Overcoming Depression In COPD Part II

Vijai P. Sharma, Ph.D

In a previous article, I discussed several explanations for high prevalence of depression in "Chronic Obstructive Pulmonary Disease (COPD)." One such explanation referred to "depression-breathing connection."

Depression is associated with depressed breathing while open, full and vigorous breathing with amelioration in depression. Some breathing techniques are specially suited for treatment of depression. This article examines the validity of such claims.

Six breathing studies conducted by the faculty of the National Institute of Mental Health and Neurosciences (NIMHANS) in India and three studies by the All India Institute of Medical Sciences (A.I.I.M.S) suggest that some breathing techniques can provide effective treatment for mood disorders and related problems. These studies employed acceptable scientific standards of controlled and randomized samples.

Studies specifically examined a set of three breathing techniques, collectively referred to as "Sudarshan Kriya and (related) Practices (SK&P;)." SK&P; basically consists of a sequence of breathing exercises involving slow, medium and fast rate of breathing, and gentle and vigorous breathing in a rhythmical fashion. The set of breathing exercises take anywhere between 30 to 45 minutes for completion.

To provide an overview of the six studies conducted by the NIMHANS researchers is that SK&P; demonstrates 68 to 73% success rate in treatment of depression regardless of the severity of depression, though the bulk of the studies investigated low to moderate level of chronically depressed patients, clinically referred to as "dysthymic" patients.

Furthermore, substantial relief was experienced in 3 weeks. By the end of the month patients were considered in remission. Follow up at the end of three months showed that patients remained asymptomatic and stable.

Improvement in depressive symptoms was not entirely based on subjective reports, but changes were observed at the biological and chemical level. In one study, researchers compared the brain wave activity during and after a depressive episode because abnormal brain activity is sometimes observed during depression. For patients whose brain electrical activity was found abnormal at the beginning of the study returned to normal when tested three months later.

Improvement at the physical-chemical level was sometimes observed relatively quickly. For instance, increase in plasma Prolactin level associated with amelioration of depression increased after the very first SK&P; practice. Significant decrease was observed as early as three weeks in the plasma Cortisol, which is a stress hormone.

Studies conducted by various departments of the All India Institute of Medical Sciences (AIIMS) also identify such physical-chemical benefits of SK&P; as reduction in blood lactate level, cortisol and cholesterol levels.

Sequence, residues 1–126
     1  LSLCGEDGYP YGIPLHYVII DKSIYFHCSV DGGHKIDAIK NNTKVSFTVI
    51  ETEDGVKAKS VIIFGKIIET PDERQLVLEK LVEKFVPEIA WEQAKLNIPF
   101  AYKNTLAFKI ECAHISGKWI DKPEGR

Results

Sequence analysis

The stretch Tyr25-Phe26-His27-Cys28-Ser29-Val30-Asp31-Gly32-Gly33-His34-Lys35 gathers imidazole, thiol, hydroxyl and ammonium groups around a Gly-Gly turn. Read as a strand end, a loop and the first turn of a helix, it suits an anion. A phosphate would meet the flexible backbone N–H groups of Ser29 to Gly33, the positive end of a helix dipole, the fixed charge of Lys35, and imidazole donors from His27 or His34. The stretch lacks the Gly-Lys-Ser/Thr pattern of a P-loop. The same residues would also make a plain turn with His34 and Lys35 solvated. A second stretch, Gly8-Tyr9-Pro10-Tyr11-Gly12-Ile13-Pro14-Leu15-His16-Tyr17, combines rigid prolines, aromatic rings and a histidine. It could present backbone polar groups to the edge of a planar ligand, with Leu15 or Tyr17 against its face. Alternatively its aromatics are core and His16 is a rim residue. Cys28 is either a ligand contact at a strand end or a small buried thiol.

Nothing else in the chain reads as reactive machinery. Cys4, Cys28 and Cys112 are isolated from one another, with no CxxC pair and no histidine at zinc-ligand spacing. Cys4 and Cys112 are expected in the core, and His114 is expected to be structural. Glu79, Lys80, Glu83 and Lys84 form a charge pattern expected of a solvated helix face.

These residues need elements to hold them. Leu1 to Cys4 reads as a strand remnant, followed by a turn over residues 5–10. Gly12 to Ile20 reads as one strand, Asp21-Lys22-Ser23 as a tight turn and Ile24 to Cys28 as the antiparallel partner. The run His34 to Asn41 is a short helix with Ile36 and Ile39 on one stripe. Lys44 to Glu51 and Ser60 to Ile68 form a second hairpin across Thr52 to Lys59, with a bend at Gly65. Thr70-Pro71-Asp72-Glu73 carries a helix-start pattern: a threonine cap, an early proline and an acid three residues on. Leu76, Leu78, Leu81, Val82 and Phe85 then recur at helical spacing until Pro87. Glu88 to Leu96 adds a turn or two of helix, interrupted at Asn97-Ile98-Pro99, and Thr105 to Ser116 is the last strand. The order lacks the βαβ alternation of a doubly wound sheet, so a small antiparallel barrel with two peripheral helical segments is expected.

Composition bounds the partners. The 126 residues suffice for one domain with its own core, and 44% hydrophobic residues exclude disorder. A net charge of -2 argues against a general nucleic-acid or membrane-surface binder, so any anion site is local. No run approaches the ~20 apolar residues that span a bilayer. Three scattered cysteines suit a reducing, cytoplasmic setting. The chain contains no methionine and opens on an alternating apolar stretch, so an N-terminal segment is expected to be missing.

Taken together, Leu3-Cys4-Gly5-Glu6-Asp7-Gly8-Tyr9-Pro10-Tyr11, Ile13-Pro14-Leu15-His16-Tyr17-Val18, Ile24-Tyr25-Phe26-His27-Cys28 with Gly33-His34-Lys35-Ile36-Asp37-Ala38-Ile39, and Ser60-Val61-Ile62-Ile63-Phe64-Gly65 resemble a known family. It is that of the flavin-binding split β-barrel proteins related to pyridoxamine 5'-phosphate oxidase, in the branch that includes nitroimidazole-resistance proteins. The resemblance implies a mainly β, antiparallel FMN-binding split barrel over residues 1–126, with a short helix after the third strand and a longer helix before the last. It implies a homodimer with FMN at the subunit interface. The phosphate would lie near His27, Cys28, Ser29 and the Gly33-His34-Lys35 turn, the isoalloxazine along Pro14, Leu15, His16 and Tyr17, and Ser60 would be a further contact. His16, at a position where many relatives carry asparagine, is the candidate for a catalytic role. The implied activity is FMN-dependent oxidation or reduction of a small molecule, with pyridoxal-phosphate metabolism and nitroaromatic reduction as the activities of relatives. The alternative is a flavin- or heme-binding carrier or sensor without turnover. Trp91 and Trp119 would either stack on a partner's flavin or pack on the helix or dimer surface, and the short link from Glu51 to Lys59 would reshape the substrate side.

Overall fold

The Endocrinology Department of AIIMS found that people who regularly practice SK&P; have lower levels of cortisol and higher levels of natural killer cells.

Symptomatic relief was noted by various medical departments of AIIMS in the areas of tension headaches, insomnia, alcoholism eating disorder and obesity.

However, various researchers point out that patient commitment is a very important factor because such breathing treatment typically requires 45 minutes of practice every morning, day after day, for months on end. I don't know what their drop-out rate was.

In summation, specialized breathing techniques are found to be effective not only for treatment of depression but also for stress reduction and physical health. Physical benefits of SK&P; are observed in the brain's electrical and chemical activity.

Benefits of SK& P were comparable to psychotherapy or antidepressants for chronic depression.

Some of the breathing techniques included in these studies require initial training and supervision and were not specifically designed for people with COPD. Adaptations need to be devised and scientifically investigated specifically for people with COPD.

If you can't access some sort of breathing training through your pulmonary rehab, make sure you exercise on a daily basis. Regular exercise such as walking, using various kinds of treadmill or cross country machines and light to moderate weight lifting also invigorate breathing, strengthen muscles, alleviate depression and increase the sense of personal well being. Connect with a support group that encourages members to join similar programs.

You may do these exercises with mindfulness. For example, be mindful of your breath as you walk and breathe slowly and deeply. Walk and exercise mindfully.

Both aerobic and non-aerobic exercises are likely to improve physical conditioning, help to calm and clear the mind and reduce toxic effects of chronic stress.

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Copyright 2005, Mind Publications 
Posted September 2005


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